Awareness is growing on the UK’s food waste issues, and none so relevant are the opportunities for new smart App based technology to help us all save money. Community based food waste reduction Apps are gaining momentum both in urban and rural areas to help us understand what we produce, use and buy in everyday life. So, can food manufacturing and production sites also benefit from the technology?
Government figures suggest the overall cost to the UK of food waste each year is £17 billion, of which £12.5 billion is the cost to households. To look at this another way, the cost of food waste to an average household is estimated to be £470 per year. Food waste also has environmental impacts (primarily in the form of greenhouse gas emissions and water use) and links with social issues such as food poverty.
Research published in 2016 shows that 10 million tonnes of food and drink is wasted in the post-farm gate food chain each year in the UK and 60% of that could be avoided, (see http://researchbriefings.parliament.uk/ResearchBriefing/Summary/CBP-7552 )
The highest proportion of this food waste (around 7 million tonnes–or 70%) was produced by households. Around 1.7 million tonnes of food waste was produced by the manufacturing sector; followed by the hospitality sector (around 0.9 million tonnes). The grocery, retail and wholesale sectors (which include supermarkets) wasted around 0.25 million tonnes. The problem is not getting smaller.
However, there also has not been a ‘Blue Planet’ awareness moment for Food Waste, something that mobilises the UK consumers to act more responsibly. Food retailing outlets are dealing at the very front of consumer attitudes and hard work has started across several areas such as clearer labelling for ‘use by’ and ‘sell by’ dates, ugly fruit and vegetables are still tasty, food bank collection points and social donations. However, price wars still can drive people to buy more than they can use or store!
WRAP have just released their latest report “The business case for reducing food loss and waste: Catering (http://www.wrap.org.uk/node/104782) and the advice focuses on five key areas within the operation to consider;
- Measure: Identify how much and where food is wasted
- Engage Staff: Prevention messages and reward for measurement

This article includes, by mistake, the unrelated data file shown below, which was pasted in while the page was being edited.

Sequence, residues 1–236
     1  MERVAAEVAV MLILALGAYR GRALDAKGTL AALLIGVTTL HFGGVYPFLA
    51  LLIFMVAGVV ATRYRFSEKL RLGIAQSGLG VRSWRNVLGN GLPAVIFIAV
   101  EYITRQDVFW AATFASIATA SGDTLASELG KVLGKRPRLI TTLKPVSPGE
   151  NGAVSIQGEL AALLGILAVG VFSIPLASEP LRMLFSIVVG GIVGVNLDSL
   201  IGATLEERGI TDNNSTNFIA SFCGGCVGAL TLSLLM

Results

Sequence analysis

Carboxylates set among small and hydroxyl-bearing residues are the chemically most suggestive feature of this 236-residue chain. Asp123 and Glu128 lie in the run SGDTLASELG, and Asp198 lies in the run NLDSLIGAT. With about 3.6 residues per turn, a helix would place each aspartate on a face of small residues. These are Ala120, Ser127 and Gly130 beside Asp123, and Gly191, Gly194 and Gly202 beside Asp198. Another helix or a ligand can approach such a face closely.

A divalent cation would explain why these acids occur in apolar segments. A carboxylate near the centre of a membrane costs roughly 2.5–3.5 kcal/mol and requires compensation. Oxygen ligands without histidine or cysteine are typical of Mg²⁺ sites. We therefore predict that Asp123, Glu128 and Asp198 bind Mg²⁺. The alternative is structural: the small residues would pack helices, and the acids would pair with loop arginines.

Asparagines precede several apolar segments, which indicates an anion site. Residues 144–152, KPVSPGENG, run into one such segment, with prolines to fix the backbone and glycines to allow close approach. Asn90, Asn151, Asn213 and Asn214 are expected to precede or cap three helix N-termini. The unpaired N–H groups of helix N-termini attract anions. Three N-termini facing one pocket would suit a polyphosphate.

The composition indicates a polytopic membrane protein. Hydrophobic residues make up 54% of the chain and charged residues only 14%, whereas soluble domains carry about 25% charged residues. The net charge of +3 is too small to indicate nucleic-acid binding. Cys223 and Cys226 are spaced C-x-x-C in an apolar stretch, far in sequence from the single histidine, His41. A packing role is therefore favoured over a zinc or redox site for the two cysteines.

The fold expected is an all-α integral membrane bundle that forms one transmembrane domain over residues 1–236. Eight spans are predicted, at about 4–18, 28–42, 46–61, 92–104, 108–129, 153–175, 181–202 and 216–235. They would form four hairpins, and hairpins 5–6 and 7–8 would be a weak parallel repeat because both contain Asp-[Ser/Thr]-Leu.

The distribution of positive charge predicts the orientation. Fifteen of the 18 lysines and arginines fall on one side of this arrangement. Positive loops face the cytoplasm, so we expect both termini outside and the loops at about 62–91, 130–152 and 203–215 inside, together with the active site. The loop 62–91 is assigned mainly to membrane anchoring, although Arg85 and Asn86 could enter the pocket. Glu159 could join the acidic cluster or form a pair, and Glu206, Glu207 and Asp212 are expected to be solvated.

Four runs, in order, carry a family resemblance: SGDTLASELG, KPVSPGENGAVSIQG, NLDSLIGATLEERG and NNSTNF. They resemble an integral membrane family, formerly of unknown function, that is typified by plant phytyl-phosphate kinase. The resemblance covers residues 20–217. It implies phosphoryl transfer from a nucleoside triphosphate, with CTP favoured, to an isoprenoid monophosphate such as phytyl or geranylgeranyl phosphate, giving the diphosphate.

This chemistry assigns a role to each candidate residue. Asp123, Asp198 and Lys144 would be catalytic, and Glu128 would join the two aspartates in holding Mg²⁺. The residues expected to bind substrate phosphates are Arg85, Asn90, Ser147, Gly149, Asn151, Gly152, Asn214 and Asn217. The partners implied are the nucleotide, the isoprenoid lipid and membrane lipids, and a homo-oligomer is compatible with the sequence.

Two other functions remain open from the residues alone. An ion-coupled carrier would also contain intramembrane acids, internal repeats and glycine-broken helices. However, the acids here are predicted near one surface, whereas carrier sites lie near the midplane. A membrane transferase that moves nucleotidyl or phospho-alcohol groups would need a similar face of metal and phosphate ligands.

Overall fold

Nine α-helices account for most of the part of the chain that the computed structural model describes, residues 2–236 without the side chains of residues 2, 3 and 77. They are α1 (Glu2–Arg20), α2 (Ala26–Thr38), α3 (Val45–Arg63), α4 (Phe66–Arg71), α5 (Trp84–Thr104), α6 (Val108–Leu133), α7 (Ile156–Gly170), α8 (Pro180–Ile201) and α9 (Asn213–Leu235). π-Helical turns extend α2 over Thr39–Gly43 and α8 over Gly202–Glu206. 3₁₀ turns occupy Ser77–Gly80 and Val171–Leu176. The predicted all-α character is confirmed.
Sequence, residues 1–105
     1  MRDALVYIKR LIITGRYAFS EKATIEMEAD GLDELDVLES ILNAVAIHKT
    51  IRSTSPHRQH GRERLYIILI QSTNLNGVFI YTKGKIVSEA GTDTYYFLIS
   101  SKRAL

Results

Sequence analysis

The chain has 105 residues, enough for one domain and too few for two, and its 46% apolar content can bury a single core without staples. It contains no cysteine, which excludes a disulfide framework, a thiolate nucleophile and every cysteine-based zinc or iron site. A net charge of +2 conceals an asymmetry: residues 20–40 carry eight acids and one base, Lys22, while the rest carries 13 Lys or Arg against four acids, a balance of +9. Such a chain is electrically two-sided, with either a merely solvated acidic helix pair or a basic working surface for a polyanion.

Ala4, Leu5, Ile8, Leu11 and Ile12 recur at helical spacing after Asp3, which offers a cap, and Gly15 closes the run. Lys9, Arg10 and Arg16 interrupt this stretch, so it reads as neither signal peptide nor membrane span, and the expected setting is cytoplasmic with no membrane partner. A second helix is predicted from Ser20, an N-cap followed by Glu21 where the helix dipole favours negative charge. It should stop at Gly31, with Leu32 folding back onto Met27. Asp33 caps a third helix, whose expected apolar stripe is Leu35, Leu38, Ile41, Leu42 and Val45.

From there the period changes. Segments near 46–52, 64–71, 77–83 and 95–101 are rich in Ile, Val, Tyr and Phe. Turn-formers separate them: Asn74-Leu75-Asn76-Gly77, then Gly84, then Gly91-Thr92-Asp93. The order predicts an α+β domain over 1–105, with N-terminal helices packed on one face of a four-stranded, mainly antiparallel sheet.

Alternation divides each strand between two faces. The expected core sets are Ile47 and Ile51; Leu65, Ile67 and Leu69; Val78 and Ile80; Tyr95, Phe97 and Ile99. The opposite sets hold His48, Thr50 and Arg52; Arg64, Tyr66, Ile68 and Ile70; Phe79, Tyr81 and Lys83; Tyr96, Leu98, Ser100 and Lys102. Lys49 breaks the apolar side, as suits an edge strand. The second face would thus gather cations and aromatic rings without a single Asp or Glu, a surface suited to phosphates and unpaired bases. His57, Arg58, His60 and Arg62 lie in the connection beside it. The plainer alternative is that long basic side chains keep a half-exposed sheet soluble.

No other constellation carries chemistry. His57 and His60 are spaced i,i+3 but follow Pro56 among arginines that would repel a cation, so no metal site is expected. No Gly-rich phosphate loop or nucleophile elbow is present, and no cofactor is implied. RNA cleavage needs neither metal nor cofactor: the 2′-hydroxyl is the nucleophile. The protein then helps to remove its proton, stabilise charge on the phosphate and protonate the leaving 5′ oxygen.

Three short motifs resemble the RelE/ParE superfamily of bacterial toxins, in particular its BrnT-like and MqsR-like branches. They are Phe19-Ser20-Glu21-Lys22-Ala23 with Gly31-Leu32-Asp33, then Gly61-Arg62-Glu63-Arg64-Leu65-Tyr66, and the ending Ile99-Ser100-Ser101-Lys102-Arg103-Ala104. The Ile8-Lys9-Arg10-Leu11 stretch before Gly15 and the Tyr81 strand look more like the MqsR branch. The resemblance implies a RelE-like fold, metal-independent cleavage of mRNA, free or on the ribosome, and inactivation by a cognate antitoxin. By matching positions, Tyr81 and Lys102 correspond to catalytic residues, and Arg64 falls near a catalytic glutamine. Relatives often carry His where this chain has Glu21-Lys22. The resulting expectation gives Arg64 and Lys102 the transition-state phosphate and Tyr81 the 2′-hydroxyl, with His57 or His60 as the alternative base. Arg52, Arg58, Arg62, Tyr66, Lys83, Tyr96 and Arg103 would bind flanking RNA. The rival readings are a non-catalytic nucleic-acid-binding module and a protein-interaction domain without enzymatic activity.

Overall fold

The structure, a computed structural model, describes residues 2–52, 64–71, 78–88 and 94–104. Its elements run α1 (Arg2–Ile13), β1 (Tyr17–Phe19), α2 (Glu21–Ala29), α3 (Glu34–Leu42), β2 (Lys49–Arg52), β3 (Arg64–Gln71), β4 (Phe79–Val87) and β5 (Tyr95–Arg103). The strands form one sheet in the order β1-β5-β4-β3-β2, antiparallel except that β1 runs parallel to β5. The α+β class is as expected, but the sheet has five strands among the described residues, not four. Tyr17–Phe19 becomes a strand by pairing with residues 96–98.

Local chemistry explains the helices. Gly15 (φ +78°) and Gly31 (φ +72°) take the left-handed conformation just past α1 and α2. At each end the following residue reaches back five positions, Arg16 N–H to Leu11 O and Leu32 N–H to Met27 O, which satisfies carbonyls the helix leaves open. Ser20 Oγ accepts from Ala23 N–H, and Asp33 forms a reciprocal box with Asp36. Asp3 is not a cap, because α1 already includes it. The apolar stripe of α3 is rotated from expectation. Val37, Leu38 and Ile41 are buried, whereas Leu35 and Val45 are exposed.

- Start small and get creative: Test food-waste reduction programs to iron out issues
- Reduce overproduction: Analyse menu utilization and act on demand
- Repurpose excess food: Safely repurposing leftovers back into good food
The WRAP research does show there is a financial benefit for caterers to seriously consider waste, indeed it is no surprise that economic drivers are key across all sectors of food retailing and service, but what about more technological solutions?
Aimed at the consumers, the Karma and ‘Too Good to Go App’ let stores and restaurants, through a free platform, sell their leftover food – instead of just throwing it away. Consumers can pick up really discounted food that would otherwise have just been put into the bins. The Food Cloud app is working with a major retailer on a similar concept of selling surplus stock at much lower prices. More socially orientated, the Foodbank App, also connects into JustGiving and helps supports the growing network of UK food banks by showing a ‘shopping list’ of items handed out and the stock status of nearby centres.
Affordable smart fridges connected to the IoT (Internet of Things) are not too far away and the NoWaste app allows consumers today to easily track, organize and manage the food in their home. With lists for your freezer, fridge and pantry, you can easily check what food you have left, see what food you need to use first, plan your meals, create a shopping list, avoid unnecessary purchases, reduce food waste and save money!
In California, CropMobster.com helps build communities that focuses on food waste prevention and resource sharing within local geographical locations. It allows communities to have its own exchange, managed and led by local leaders. People and businesses use the exchange to post alerts and spread the word quickly on a range of community and food system topics. Similarly, in the US, FoodCowboy.com uses smart location- based technology to route food ‘waste’ to charity-based consumers.
Tapping into ‘waste match making’ apps for the food producers, manufacturers and packagers sounds an interesting concept and could collaborative technology help with closing the loop on food waste in a growing circular economy? This can go beyond, in some cases, recyclable or reused materials, such as conversion to animal feed or compost. The food supply chain often tackles waste from a very process viewpoint, using management tools such as Sigma Six methodologies for lean manufacturing, striving to eliminate waste of physical resources, time, effort and talent, while assuring quality in production and organizational processes. It will be interesting to follow the changes in technology that are impacting on the consumer facing end, into the earlier food production side.
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